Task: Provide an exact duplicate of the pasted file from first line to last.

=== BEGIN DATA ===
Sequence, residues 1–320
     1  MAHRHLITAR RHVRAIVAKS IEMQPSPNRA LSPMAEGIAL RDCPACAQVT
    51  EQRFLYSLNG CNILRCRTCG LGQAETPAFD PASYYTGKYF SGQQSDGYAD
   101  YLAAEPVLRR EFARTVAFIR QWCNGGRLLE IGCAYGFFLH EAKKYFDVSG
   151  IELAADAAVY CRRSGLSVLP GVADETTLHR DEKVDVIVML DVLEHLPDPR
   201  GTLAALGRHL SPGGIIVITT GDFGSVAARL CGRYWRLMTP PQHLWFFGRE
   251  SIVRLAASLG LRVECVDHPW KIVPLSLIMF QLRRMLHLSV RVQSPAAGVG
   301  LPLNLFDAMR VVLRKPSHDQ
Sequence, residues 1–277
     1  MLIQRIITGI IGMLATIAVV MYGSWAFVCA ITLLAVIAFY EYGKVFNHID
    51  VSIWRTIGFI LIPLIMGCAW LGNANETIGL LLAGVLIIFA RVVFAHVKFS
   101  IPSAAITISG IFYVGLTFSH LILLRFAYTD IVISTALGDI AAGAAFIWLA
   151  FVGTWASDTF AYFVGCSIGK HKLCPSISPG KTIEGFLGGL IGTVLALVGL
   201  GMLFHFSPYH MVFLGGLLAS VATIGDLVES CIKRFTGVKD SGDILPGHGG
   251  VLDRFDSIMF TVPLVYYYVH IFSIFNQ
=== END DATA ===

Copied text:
Sequence, residues 1–320
     1  MAHRHLITAR RHVRAIVAKS IEMQPSPNRA LSPMAEGIAL RDCPACAQVT
    51  EQRFLYSLNG CNILRCRTCG LGQAETPAFD PASYYTGKYF SGQQSDGYAD
   101  YLAAEPVLRR EFARTVAFIR QWCNGGRLLE IGCAYGFFLH EAKKYFDVSG
   151  IELAADAAVY CRRSGLSVLP GVADETTLHR DEKVDVIVML DVLEHLPDPR
   201  GTLAALGRHL SPGGIIVITT GDFGSVAARL CGRYWRLMTP PQHLWFFGRE
   251  SIVRLAASLG LRVECVDHPW KIVPLSLIMF QLRRMLHLSV RVQSPAAGVG
   301  LPLNLFDAMR VVLRKPSHDQ
Sequence, residues 1–277
     1  MLIQRIITGI IGMLATIAVV MYGSWAFVCA ITLLAVIAFY EYGKVFNHID
    51  VSIWRTIGFI LIPLIMGCAW LGNANETIGL LLAGVLIIFA RVVFAHVKFS
   101  IPSAAITISG IFYVGLTFSH LILLRFAYTD IVISTALGDI AAGAAFIWLA
   151  FVGTWASDTF AYFVGCSIGK HKLCPSISPG KTIEGFLGGL IGTVLALVGL
   201  GMLFHFSPYH MVFLGGLLAS VATIGDLVES CIKRFTGVKD SGDILPGHGG
   251  VLDRFDSIMF TVPLVYYYVH IFSIFNQ